Monday
Mar022015

Rusty Blitz

Rusty Blackbird on Cruger Island CausewayYesterday I celebrated the first day of the Rusty Blackbird Blitz by walking out into the snowy Tivoli Bays to look for a Rusty. I knew full well I would not see one in the still frozen landscape of the bays. Even the Red-winged Blackbirds have not yet returned.  Still, I had to go out on snowshoes to roll out the carpet for the Rusty should it decide to stop over later in the spring.

The first time I saw a Rusty Blackbird was three years ago on the muddy causeway of Cruger Island Road. It was the second spring of my bird-obsessed life, when every bird felt a miracle. My friend Peter introduced us: “Look now,” he said, “this is a bird that will be extinct in our lifetime.” What I saw was an ordinary enough bird, black overall, with a bit of brown rust at the nape, and then eyes, white as if they were bottomless.  The bird had a grating song, like a squeaky hinge. At that time I doubted Peter’s pronouncement—it felt too full of doom—but research proved he might be right: Rusty populations have plummeted in the past century, with an 88% population reduction.  Though scientists estimate that somewhere between 158,00 and 2 million remain, this once abundant bird is in a population free-fall.

March 1 on Cruger Island Causeway158,000 to 2 million? Let’s put this into numbers people pay most attention to: who wants 2 million dollars? $158,000? But that’s as accurate as it gets because we know little about this bird. Part of it is that the Rusty breeds in inaccessible areas: boreal bogs. Tagging and re-finding those tagged birds has proven near impossible.

A 2010 article in The Condor is titled Rusty Blackbird: Mysteries of a Species in Decline. I can like a science article that admits to the mystery. Is it not all a mystery? That the birds are here at all? That I am here to watch them? that the planet continues to spin?

But the mystery that these scientists are mulling over is why the decline. There is no one simple answer. There’s habitat destruction—that’s almost a given with any dramatic species decline. The woods the Rusty needs on their wintering grounds in the southeastern United States have been transformed into agricultural land. The boreal wetlands where they breed have been lost to peat production, timber harvests, oil and gas exploration—the list is the usual nauseating one that makes me blur over. And then there’s mercury, which the Rusty encounters on both its breeding and wintering grounds. In acidic wetlands, mercury converts to its toxic form, methylmercury. This would likely kill the embryos of the Rusty.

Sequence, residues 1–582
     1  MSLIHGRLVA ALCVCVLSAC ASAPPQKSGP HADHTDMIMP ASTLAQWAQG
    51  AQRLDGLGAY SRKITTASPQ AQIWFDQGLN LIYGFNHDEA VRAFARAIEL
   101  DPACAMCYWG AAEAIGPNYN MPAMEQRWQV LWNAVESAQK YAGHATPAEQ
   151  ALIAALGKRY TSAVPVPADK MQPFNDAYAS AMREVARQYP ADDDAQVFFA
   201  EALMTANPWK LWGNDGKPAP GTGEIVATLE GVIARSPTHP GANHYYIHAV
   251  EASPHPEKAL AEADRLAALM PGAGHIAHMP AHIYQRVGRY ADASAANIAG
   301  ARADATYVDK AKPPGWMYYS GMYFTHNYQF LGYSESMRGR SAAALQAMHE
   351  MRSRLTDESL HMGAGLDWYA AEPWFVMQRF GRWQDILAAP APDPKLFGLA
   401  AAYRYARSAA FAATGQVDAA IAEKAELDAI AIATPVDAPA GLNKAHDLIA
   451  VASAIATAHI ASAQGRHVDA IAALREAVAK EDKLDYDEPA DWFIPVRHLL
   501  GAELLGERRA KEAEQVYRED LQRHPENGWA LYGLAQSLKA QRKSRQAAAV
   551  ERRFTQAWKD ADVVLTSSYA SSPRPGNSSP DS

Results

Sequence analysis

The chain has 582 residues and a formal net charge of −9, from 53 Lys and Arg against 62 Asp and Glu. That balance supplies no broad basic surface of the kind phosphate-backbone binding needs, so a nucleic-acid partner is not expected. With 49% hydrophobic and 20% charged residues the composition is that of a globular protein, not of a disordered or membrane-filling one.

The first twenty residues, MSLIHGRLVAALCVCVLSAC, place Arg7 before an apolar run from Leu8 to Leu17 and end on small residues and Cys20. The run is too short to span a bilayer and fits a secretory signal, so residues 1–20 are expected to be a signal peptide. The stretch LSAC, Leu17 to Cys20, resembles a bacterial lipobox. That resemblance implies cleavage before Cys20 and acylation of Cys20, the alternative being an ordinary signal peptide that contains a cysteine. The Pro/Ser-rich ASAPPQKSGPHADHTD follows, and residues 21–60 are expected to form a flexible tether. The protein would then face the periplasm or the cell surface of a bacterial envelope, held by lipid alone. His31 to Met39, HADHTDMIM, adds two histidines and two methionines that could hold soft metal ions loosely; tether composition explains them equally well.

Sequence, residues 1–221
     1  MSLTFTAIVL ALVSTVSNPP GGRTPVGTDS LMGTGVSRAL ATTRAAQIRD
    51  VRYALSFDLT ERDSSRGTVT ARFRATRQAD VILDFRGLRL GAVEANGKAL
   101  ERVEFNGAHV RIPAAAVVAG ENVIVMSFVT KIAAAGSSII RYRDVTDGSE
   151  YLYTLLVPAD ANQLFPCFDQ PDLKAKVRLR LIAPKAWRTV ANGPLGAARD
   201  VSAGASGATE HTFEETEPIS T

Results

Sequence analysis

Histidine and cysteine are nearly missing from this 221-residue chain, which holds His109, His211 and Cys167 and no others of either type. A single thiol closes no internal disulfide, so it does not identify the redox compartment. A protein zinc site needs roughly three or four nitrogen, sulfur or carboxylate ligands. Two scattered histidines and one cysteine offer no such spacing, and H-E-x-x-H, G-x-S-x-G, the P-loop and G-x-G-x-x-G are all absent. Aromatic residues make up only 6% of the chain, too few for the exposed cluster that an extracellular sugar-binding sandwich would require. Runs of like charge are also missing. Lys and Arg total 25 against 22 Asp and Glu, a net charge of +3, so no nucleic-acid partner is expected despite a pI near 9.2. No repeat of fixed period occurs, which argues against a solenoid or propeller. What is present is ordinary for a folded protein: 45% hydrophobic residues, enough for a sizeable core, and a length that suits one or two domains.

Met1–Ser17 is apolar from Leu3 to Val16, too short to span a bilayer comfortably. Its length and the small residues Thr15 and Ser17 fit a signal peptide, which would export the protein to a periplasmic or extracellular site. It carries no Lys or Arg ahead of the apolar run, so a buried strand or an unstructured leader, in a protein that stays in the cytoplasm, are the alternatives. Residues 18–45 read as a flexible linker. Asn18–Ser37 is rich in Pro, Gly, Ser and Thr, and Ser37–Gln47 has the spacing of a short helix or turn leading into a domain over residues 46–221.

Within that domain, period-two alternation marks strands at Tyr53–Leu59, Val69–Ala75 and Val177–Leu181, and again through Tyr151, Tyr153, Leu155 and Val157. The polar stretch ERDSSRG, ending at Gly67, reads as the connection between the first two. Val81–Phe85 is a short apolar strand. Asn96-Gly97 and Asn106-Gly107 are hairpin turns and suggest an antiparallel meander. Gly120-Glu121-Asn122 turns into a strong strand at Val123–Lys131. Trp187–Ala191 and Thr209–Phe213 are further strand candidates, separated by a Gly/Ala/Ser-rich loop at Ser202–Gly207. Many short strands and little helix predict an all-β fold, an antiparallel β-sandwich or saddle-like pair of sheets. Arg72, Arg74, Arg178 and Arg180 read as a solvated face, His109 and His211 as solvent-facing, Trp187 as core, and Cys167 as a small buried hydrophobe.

Yet as important as understanding the bird’s breeding and wintering grounds is information on migration. Where do these birds rest up, gather fuel? This is what the Blitz, now in its second year, is about: scientists and conservationists want to understand the challenges this bird faces during migration. So during the next two months they want birders to focus on the Rusty by logging their sightings into eBird.

On my walk, it was quiet except for the crunch of snowshoes and the stop and start conversation with my friend Kate, who is game for any outing that involves snowshoes and birds. As we walked out Cruger Island, I pretended I really could see a Rusty even though there was not a bird in sight. And that possibility, this effort at tracking such an unassuming bird, made me insanely happy. So often it seems that the birds we want to save are the charismatic ones, the ones that are half myth, like the Whooping Crane. Don’t get me wrong, I love that the Whooper is being protected, but I worry that the less exciting birds are left behind. This Blitz gives me hope that we care for all of the birds. Thousands of birders will be out, logging the Rusty’s faint pathway north. Yesterday I did not add to the data, except to say that I tried.

Common Redpoll, photo by Peter SchoenbergerAs we left the causeway, a fluttering in some trees caught my attention. I turned my binoculars to see small birds bobbing from the end of branches, working dried seeds pods that looked like flat tin pennies. I tromped past the brush that lines the causeway and walked closer so I could see the little red caps, the white wing bars. Common Redpolls. I watched the birds gather an afternoon meal, wondering what their story might be, then continued on my way home.

 

 

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Reader Comments (3)

Beautifully written. And you did add to the data. Negative data is still data and important when trying to assess populaton trends.

March 3, 2015 | Unregistered CommenterSteve Bauer

Beautifully written, I agree. What impresses me though is the ability to interest the non birder who has never heard of the Rusty and wouldn't recognize it if it settled on one's window stoop.

March 4, 2015 | Unregistered CommenterBecky

Wow..I like your post. Nicely presented and described well.

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